The Asch Conformity Experiments
During the 1950s, Solomon Asch conducted and published a series of laboratory experiments that demonstrated the degree to which an individual’s own opinions are influenced by those of a majority group. Together, these experiments are recognized as the Asch conformity experiments or the Asch Paradigm. The methodology developed by Asch has been utilised by many researchers and the paradigm is in use in present day social psychology. The paradigm has been used to investigate the relationship between conformity and task importance, age, gender, and culture. (Source: Wiki)
Asch (1951) set up a situation in which usually about seven people all sat looking at a display. They were given the task of saying out loud which one of three lines (A, B, or C) was the same length as a given stimulus line, with the experimenter working his way around the group members in turn. All but one of the participants were confederates of the experimenter, and had been told to give the same wrong answer on some of the trials. The one genuine participant was the last (or the last but one) to offer his/her opinion on each trial. The performance of participants exposed to such group pressure was compared to performance in a control condition with no confederates.
Asch’s findings were dramatic. On the crucial trials on which the confederates all gave the same wrong answer, the genuine participants also gave the weong answer on between 33% and 37% of these trials in different studies. This figure should be compared against an error rate of under 1% in the control condition. Thus, the correct answers were obvious, and it might have been expected that nearly all the experiments would have given them. However, only about 25% of the confederates avoided error during the course of the study, compared to 95% in the controlled condition.
Asch (1956) manipulated various aspects of the situation to understand more fully the factors underlying conformity behaviour. The conformity effect incresed as the number of confederates went up from one to three, but there was no incresse between three and sixteen confederates. However, a small increase in conformity as the number of confederates gows up above three has sometimes been found (see van Avermaet, 2001).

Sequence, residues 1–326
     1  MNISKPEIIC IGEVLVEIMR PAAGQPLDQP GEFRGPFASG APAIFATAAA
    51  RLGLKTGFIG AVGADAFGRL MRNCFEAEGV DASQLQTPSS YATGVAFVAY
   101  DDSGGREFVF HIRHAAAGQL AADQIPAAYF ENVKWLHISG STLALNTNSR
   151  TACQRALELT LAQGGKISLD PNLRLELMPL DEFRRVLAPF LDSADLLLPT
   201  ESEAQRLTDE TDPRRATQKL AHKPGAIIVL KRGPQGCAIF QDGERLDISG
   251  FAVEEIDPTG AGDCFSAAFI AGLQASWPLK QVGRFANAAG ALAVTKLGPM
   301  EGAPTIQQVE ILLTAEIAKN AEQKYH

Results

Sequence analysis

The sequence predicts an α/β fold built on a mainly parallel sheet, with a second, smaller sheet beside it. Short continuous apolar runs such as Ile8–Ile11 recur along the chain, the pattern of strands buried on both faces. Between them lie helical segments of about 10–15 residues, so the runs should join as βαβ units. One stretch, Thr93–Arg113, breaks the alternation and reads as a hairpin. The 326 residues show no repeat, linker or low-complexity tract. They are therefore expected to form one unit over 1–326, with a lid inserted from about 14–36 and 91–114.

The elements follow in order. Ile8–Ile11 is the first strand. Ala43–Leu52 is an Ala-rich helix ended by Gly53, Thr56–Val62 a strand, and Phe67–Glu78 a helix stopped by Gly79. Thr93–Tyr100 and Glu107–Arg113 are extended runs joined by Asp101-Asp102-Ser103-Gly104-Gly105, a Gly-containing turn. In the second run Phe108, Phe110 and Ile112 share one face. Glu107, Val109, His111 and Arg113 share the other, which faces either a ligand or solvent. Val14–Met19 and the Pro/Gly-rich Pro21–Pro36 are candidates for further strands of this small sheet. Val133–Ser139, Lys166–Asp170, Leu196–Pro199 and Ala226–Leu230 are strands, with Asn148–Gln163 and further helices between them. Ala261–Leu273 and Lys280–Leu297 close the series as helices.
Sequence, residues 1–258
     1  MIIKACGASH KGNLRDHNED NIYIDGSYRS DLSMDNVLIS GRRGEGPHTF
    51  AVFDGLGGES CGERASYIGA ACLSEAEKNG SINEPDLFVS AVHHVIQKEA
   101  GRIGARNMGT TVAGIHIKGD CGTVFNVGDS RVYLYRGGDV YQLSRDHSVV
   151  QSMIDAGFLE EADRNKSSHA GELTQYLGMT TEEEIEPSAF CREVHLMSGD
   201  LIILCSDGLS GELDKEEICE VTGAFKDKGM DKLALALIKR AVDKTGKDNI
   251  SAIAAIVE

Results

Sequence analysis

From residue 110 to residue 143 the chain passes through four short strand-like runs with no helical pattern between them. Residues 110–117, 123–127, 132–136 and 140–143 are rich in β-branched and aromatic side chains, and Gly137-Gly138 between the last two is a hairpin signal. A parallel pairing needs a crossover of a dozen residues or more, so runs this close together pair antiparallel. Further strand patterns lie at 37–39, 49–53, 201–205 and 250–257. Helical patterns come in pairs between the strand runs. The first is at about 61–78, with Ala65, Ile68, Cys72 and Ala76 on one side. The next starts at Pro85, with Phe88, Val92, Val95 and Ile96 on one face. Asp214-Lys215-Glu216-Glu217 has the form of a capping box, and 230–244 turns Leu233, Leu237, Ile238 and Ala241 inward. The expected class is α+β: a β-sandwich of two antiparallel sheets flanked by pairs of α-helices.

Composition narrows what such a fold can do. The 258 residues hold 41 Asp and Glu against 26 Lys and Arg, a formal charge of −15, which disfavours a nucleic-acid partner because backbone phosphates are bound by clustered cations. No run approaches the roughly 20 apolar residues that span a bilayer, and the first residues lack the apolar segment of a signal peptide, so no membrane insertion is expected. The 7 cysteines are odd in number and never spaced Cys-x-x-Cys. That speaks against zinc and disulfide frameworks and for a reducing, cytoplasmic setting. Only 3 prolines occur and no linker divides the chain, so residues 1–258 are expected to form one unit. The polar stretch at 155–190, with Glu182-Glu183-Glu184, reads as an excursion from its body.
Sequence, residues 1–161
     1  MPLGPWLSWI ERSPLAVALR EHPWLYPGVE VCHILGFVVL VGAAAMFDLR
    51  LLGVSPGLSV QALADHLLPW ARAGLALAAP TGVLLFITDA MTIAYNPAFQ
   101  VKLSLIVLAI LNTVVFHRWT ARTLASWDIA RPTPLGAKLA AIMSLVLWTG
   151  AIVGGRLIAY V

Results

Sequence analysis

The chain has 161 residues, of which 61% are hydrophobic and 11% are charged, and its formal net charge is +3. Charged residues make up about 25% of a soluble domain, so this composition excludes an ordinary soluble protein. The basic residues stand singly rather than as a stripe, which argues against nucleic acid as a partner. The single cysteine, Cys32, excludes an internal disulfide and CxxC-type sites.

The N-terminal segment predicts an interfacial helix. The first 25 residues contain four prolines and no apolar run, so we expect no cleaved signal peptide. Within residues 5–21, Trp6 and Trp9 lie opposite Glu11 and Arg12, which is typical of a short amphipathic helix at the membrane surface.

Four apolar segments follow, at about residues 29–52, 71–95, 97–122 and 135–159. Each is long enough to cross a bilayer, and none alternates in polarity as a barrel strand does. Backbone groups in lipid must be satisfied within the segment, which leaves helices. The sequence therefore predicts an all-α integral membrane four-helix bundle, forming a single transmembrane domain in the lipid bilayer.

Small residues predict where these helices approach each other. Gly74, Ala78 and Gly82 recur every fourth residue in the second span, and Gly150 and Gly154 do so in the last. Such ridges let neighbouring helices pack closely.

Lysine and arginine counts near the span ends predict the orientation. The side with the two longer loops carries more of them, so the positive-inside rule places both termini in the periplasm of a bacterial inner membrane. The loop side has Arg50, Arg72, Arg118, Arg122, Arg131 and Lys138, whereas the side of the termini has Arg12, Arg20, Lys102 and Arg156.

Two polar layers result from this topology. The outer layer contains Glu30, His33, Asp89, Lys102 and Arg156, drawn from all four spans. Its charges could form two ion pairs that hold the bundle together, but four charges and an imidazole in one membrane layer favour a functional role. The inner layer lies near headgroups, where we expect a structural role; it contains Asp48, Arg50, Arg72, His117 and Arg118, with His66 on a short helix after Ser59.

Another important factor is whether the genuine participant has a supporter in the form of a confederate giving the correct answer on all trials, and who gives his or her answer ahead of the genuine participant. Asch (1956) found that the presence of such a supporter reduced conformity to only 5% of the trials. More surprisingly, a confederate whose answers were even more incorrect than those of the other confederate also produced a substantial reduction in conformity. Thus, any kind of disagreement among other group members was sufficient to reduce conformity. (Source: The Unbound Spirit)
The actual studies that he published, beginning in 1951, are not available online because they are all behind the paywall. Therefore the studies are bp;dr but the following diagram and videos are quite informative.
With commentary from a BBC series:
An explanation from HowtheWorldWorks:
With an introduction from Philip Zimbardo:
A later experiment using the same methodology with elevators: